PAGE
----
He decided to start the song over, and it was even more beautiful the second time around, as the sound continued past its previous breaking point and confetti rained down upon us. It was only their first song, but it felt like the encore of a lifetime, exquisitely gorgeous and fleeting all at once. Their second song was a languid and wistful version of "Yoshimi Battles The Pink Robots Part 1," which Coyne made us re-start with him as we did not sing Yoshimi's karate chop loud enough in the first verse. We happily obliged and the song pressed forth. Mascots in giant sun costumes once again flanked the stage -- nonsensical, but no one cared. Their identity is focused on whimsy and expression of their most authentic selves, and it was absolutely beautiful to see in person how much a musician can be unapologetically themselves and creative in the highest form.

As they performed the illustrious ballad "Vein of Stars," Coyne appeared standing inside of a bubble on stage. Yes, you heard me right. As the song built up momentum, he stepped (well, rolled) out into the crowd, suspended over the audience as he moved nearer to the middle, poised in a luminous bubble above the vast darkness. With the celestial sounds in the background, it was an incredible moment of music as Coyne connected with his audience, and seemingly, with the universe.

A fantastic light show complimented the set, which unfortunately was only an hour and two minutes, despite the delay, as The National was running a bit late. A stunning, glittering performance of "Do You Realize?" was enough to make all of us contemplate the beauty of life a little further. Ending with an encore of their version of "Lucy in the Sky with Diamonds" off of their forthcoming cover album, confetti pulsed from the stage with flashes of bass, thrilling and daring. As they closed out their phantasmagoria of a set, I only wished that they would have been the festival's headliner, as we yearned for more.
Sarah Brooks

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The National by Katie Hovland

The National

Matt Berninger and crew got on stage a few minutes late for their set, as they were arriving here from Canada and a bit delayed. They emerged swiftly and powered through an electric hour-long set, to which Matt Berninger let us know that they owe us 10 minutes of music next time they're in town.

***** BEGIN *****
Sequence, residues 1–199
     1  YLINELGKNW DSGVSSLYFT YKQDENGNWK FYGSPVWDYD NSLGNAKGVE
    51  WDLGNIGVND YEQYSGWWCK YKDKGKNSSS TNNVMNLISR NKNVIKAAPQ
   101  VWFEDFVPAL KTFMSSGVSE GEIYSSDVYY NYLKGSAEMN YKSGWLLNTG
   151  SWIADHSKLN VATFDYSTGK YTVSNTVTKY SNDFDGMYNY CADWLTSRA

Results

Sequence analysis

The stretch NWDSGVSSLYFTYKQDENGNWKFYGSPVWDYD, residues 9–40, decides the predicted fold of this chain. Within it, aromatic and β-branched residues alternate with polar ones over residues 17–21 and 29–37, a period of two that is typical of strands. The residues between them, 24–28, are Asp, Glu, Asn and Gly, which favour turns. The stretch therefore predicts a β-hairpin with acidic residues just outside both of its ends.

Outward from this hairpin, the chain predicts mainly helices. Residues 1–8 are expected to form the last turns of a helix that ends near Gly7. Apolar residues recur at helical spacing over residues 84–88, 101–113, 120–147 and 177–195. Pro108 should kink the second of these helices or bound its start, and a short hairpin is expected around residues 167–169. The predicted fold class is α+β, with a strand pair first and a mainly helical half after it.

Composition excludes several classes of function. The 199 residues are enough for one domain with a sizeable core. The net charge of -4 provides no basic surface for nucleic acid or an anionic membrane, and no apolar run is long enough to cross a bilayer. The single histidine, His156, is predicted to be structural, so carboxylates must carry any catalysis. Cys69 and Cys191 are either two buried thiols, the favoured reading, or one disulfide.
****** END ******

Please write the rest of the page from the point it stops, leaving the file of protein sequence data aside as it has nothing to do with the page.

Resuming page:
The National has been able to craft up heartstring-tugging indie rock music that somehow touches upon our deepest emotional struggles. They brought the music to life with a light show and background videos that crafted a beautiful sentiment along with their sounds. Weaving through a set featuring their newest gorgeous tunes such as "I Need My Girl" and old favorites including "Fake Empire," Berninger connected with the audience as his alto voice rumbled through, hauntingly lovely. Concluding with two powerhouse songs, Berninger stepped offstage and into the crowd for a frenzied, impassioned rendition of "Mr. November" and then "Terrible Love," allowing him to be just five feet from me and other devoted fans.

It takes an ocean not to break, stated the mantra he delivered and repeated, as the song built up and to a close. Berninger has a soul wiser than a lifetime could create, as he pours this heart into the music he creates and puts this emotional show on display for his audience each time.
Sarah Brooks

 
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no / September 15, 2014 12:33 PM

Coyne has been walking around in that bubble for more than a decade now, and the majority of people who will read that far in the review already know that. It's not novel or surprising, and the reviewer seems like she is unaware that this is an almost tired trope from Flaming Lips shows.